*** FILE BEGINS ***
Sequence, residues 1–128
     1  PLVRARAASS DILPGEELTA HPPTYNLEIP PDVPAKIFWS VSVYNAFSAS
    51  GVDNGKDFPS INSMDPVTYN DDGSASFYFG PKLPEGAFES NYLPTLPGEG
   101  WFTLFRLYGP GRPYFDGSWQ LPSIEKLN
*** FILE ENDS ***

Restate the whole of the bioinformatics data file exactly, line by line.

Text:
Sequence, residues 1–128
     1  PLVRARAASS DILPGEELTA HPPTYNLEIP PDVPAKIFWS VSVYNAFSAS
    51  GVDNGKDFPS INSMDPVTYN DDGSASFYFG PKLPEGAFES NYLPTLPGEG
   101  WFTLFRLYGP GRPYFDGSWQ LPSIEKLN